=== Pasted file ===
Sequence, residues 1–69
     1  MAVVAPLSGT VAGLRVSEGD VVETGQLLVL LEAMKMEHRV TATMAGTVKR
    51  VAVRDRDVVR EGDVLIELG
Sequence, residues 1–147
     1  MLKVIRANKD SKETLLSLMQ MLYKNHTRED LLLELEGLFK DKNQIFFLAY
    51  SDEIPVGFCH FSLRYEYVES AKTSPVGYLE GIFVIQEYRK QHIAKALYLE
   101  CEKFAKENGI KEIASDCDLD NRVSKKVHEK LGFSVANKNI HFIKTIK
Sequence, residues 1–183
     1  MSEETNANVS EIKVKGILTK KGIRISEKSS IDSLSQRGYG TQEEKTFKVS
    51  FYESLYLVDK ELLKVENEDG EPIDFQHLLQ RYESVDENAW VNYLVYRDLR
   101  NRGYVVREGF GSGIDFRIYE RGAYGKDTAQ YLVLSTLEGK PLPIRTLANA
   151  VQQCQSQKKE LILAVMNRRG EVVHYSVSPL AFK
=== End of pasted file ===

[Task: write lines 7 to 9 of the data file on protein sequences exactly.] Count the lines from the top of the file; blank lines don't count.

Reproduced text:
   101  CEKFAKENGI KEIASDCDLD NRVSKKVHEK LGFSVANKNI HFIKTIK
Sequence, residues 1–183
     1  MSEETNANVS EIKVKGILTK KGIRISEKSS IDSLSQRGYG TQEEKTFKVS